But ... the French trial judges did not hear it this way. On January 25, 2019, the Versailles Court of Appeals dismissed Paragon's request for the recognition and enforcement of the American judgment.
The reason? Non-compliance with international procedural public policy.
Brief reminder of the conditions governing the recognition and enforcement of foreign judgments in France
Before going any further, a brief reminder of the rules applicable to the recognition and enforcement of foreign judgments (also known as exequatur proceedings) under French law.
Exequatur is the decision by which the competent French court authorizes the enforcement in France of a foreign judgment or legal instrument1.
Indeed, in the absence of an international convention (as is the case between France and the United States of America), foreign judgments can only be enforced on the French territory under specific legal conditions2, i.e. they must have been declared enforceable by a French judge3.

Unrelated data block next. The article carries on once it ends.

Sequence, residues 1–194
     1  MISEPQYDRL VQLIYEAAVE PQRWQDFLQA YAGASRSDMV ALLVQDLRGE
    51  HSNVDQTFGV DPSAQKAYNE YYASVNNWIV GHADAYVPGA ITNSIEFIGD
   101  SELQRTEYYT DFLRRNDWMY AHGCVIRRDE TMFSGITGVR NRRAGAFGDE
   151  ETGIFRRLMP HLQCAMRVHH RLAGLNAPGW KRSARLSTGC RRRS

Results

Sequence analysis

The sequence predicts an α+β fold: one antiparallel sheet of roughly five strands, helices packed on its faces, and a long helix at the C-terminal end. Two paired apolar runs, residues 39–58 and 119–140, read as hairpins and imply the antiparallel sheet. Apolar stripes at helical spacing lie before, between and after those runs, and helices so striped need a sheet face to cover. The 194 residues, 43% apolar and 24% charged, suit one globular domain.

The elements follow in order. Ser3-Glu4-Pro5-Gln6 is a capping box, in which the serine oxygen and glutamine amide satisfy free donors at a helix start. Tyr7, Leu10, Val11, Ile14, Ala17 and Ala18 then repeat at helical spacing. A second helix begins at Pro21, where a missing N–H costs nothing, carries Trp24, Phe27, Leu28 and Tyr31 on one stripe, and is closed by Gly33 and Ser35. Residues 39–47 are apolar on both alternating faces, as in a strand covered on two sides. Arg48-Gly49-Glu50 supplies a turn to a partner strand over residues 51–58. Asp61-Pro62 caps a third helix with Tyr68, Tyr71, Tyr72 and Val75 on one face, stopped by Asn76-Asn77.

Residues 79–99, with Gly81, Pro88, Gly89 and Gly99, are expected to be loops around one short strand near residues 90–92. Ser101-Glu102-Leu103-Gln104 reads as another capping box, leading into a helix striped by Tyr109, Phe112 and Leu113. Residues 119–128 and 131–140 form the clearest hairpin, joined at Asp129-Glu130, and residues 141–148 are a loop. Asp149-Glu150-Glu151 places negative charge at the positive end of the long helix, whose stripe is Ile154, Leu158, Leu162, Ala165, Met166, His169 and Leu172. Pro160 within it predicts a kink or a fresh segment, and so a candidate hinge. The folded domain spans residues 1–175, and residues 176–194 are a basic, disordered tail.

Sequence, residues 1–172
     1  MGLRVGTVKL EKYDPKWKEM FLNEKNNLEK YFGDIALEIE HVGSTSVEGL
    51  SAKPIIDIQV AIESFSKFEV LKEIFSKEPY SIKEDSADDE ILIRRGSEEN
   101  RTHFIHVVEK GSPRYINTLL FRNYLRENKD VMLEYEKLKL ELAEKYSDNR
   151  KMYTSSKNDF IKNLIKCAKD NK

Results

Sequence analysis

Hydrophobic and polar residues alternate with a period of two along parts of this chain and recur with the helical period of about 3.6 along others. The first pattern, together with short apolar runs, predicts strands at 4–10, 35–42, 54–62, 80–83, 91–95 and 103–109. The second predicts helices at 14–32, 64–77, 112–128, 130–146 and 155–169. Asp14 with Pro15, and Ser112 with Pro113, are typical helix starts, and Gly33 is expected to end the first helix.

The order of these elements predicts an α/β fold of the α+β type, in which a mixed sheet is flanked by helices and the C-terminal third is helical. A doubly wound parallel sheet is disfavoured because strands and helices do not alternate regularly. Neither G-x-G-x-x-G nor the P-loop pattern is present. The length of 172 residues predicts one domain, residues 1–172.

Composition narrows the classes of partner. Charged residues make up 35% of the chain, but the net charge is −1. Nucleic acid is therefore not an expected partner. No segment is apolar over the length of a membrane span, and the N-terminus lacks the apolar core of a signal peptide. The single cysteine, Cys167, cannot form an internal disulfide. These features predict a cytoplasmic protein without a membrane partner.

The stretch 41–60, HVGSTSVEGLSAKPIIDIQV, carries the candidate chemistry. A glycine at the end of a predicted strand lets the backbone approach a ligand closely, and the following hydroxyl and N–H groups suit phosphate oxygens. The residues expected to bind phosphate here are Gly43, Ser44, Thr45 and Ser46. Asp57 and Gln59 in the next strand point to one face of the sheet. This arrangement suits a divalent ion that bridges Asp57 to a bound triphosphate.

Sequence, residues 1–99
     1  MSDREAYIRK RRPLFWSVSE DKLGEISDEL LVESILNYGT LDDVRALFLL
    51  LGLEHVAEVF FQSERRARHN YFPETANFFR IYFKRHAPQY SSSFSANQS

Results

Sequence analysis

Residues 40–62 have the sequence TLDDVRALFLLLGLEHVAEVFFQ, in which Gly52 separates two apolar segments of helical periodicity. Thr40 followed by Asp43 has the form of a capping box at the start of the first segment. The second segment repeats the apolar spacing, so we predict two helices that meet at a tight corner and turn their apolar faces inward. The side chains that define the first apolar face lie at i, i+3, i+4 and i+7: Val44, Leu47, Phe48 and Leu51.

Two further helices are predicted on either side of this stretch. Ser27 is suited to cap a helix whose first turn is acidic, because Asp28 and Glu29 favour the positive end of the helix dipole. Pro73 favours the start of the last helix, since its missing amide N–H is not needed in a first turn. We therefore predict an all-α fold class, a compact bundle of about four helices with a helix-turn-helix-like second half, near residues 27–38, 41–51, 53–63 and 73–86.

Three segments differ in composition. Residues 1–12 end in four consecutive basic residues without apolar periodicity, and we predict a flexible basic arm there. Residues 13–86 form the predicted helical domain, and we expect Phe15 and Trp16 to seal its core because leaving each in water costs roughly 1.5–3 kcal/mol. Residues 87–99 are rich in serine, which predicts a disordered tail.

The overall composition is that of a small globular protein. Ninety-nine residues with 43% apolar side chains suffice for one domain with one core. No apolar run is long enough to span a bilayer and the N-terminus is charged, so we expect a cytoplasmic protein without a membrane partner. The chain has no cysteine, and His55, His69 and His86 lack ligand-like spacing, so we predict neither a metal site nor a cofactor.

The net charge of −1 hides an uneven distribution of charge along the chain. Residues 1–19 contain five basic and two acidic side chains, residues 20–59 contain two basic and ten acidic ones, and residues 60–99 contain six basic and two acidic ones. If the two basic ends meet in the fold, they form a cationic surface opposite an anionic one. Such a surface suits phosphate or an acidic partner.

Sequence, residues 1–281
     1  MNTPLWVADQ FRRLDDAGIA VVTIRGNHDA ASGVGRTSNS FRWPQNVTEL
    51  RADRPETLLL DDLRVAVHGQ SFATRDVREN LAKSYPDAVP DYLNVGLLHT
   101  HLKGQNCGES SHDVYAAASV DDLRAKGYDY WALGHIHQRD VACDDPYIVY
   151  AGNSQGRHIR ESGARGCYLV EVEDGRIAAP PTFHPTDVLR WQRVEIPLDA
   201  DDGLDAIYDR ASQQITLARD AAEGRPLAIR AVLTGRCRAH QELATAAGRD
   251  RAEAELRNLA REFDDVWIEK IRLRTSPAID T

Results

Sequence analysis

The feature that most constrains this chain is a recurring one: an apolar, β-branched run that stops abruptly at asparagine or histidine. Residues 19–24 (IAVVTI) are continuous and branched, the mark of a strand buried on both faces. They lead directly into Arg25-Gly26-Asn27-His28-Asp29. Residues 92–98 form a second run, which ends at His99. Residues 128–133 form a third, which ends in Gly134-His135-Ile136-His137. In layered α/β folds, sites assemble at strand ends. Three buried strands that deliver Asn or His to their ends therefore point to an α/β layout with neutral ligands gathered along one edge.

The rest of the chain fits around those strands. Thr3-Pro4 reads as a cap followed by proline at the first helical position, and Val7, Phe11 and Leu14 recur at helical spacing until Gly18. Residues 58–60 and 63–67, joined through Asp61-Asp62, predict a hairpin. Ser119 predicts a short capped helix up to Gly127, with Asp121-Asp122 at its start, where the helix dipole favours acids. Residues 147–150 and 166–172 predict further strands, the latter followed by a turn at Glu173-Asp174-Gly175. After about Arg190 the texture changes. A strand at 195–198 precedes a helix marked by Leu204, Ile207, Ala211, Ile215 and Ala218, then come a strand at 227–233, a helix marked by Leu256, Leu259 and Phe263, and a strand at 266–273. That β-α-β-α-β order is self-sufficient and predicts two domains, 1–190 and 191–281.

To grant enforcement, the French judge does not "retry" the case but only ascertains that a series of requirements, established by case law, are met.
French case law has set out three cumulative requirements4:
- The indirect jurisdiction of the foreign judge based on the connection of the dispute with the court before which the matter was brought;
- Compliance with international substantive and procedural public policy;
- The absence of fraud.
In the dispute between Paragon and XT Soft, the main question for the French judge was whether there had been a breach of international procedural public policy.
On this point, the Cour de cassation has already held that a foreign decision may only be considered contrary to international procedural public policy if it is established that the interests of a party have been effectively compromised by a violation of fundamental procedural principles5.
Concerning the case at hand, is California law contrary to international procedural public policy, which would justify a decision to deny enforcement?